Wednesday, March 2, 2011

Kids Need Friends

Pretty much everyone knows that it's important for kids to make friends.  And I think most people will agree that it matters what kinds of friends kids make.  Some friendships are more harmful than helpful.

How do we, as parents and caregivers, help foster healthy friendships in our children?  One way is making sure that we set a good example in our own friendships.  Our kids watch us and often follow our example.  If we have friends who build us up, are positive influences on us, and are there for us in times of trouble, our kids will see the value of good friends.

Another way is making sure that we give our kids opportunities to make healthy friendships beginning when they are young.  If we let our kids spend time with friends who swear, hit, and bully, our kids will learn those behaviors.  If, on the other hand, we seek out parents who share our interests, beliefs, and values, and then provide opportunities for our kids to spend time with theirs, we can hope that healthy friendships will develop.

Unfortunately, we can't always control the kinds of friends our kids make.  Starting with preschool or daycare, we lose much of the control we have over whom our kids chose as friends.  Yes, we still say who comes over to visit and who gets invited to birthday parties.  But if there is a bully or class clown or rebel in our kid's class, we can't keep our kid away from that influence.  If there is a liar or tattle tale or an abused child, our child will be exposed and influenced.

Obviously, we can still teach our children right from wrong at home.  We can talk with our kids about the friends they are making.  We can teach them good friend-making skills (see this article on the importance of friends and friend-making skills by Dr. Michele Borba).  We can invite their friends into our homes so we can observe them and find out how they are impacting our kids - whether positively or negatively.  We can explain to our kids that bullying, lying, hitting, cheating, and disrespectful behavior are wrong.  We can teach by example.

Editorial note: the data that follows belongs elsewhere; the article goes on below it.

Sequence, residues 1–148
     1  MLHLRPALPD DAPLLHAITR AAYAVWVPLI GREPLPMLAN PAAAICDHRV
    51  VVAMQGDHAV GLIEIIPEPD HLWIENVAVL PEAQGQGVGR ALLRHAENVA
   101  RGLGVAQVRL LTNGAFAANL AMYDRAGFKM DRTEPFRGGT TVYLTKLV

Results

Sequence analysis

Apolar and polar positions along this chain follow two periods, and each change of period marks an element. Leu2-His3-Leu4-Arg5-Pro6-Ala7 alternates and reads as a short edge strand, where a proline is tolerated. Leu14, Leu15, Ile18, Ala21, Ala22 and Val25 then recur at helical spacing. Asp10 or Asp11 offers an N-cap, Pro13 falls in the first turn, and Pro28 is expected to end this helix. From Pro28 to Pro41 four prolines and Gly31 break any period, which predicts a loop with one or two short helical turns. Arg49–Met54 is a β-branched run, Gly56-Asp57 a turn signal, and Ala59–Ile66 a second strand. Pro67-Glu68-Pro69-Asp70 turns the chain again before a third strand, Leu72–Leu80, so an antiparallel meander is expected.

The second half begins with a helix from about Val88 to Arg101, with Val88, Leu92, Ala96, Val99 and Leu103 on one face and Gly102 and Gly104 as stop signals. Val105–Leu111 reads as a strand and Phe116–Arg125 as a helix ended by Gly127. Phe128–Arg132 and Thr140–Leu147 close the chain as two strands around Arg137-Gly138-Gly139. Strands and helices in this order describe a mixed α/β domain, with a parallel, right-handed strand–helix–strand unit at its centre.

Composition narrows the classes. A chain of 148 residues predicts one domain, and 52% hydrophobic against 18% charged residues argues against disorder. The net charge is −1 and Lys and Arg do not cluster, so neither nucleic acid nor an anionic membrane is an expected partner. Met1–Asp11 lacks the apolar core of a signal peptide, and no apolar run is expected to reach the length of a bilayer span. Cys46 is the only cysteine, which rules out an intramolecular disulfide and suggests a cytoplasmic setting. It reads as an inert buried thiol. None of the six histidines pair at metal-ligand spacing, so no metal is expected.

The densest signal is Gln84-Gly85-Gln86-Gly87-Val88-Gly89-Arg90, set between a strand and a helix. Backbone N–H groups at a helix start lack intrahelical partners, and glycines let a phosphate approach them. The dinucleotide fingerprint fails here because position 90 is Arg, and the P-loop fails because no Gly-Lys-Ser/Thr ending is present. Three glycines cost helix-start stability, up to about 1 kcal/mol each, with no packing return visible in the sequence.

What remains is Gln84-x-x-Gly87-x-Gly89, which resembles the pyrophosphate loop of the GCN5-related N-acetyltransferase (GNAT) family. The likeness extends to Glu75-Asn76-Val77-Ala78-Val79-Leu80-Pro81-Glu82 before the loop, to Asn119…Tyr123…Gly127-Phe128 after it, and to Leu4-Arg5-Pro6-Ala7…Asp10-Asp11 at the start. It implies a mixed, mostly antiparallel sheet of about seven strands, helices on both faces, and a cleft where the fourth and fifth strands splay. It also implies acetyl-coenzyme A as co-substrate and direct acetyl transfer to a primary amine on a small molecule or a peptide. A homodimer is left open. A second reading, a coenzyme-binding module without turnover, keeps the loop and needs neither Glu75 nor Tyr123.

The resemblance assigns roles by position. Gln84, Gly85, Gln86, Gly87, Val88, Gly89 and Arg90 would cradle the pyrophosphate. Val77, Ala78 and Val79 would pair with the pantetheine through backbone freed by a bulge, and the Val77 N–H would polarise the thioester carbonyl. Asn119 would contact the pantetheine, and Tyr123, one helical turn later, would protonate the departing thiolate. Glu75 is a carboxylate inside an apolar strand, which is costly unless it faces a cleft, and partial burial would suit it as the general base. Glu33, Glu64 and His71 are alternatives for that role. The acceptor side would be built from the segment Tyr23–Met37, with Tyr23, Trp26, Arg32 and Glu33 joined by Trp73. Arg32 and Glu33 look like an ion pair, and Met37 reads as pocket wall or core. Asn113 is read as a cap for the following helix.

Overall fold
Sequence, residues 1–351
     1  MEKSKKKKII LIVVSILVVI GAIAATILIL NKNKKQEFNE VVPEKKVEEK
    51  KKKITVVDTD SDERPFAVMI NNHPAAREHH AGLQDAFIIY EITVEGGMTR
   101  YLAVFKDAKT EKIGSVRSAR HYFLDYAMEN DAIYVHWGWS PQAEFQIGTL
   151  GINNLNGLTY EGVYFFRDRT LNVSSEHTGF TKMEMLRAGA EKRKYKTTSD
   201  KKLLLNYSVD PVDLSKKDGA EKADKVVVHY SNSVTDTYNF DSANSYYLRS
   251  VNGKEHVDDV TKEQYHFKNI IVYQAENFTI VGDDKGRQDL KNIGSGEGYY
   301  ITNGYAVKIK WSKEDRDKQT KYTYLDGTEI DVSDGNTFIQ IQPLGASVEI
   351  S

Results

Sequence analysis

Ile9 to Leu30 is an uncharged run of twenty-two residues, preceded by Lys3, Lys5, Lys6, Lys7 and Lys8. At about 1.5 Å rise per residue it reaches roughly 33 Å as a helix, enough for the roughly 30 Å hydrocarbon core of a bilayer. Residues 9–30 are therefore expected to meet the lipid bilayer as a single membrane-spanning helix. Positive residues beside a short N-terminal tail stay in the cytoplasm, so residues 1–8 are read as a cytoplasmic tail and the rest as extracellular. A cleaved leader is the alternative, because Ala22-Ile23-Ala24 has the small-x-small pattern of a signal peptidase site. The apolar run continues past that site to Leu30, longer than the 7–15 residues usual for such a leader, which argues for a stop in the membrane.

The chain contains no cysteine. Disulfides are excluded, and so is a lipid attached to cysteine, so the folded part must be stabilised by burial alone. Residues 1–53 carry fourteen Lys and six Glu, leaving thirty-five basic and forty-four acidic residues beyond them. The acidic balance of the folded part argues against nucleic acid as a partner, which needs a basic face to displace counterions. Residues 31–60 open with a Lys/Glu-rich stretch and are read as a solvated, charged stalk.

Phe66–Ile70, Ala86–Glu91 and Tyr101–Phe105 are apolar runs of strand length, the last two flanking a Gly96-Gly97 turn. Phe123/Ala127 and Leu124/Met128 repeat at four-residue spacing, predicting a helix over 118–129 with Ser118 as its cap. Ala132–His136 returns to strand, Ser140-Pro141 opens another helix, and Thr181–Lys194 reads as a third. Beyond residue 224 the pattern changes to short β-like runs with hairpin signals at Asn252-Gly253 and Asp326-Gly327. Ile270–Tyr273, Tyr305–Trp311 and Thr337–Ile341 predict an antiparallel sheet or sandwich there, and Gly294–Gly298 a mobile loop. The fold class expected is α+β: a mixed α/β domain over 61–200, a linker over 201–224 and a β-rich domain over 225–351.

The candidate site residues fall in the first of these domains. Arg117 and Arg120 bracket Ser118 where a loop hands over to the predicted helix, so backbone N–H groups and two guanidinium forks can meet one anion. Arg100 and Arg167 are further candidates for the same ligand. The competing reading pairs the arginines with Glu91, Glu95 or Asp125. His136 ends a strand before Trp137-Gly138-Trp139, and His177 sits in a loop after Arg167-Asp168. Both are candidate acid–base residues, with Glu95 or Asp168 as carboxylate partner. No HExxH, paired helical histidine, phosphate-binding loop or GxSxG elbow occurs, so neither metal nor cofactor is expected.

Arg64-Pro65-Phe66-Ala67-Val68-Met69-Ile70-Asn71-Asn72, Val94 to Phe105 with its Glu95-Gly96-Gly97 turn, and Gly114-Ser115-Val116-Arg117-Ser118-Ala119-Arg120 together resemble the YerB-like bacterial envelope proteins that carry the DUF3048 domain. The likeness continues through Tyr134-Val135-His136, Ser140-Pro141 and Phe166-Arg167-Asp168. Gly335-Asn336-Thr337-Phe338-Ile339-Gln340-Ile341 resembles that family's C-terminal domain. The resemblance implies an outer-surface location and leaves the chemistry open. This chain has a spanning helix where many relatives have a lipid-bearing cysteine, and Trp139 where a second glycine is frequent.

Some of us can even make choices to limit our kids' exposure to bad influences by homeschooling, seeking out high quality daycares and preschools, and enrolling our kids in private schools.  If you have young children and are concerned about how their behavior has changed since they began preschool or grade school, I encourage you to examine your options.  One very legitimate option, especially for families where one parents stays home, is homeschooling.  This book by Lisa Whelchel, So You're Thinking About Homeschooling, describes a variety of homeschooling situations and encourages families that there is no one way to homeschool.

Questions for thought/discussion:
What do you do to promote healthy friendships in your kids' lives?  How do you respond when you suspect your kid is making unhealthy friends?

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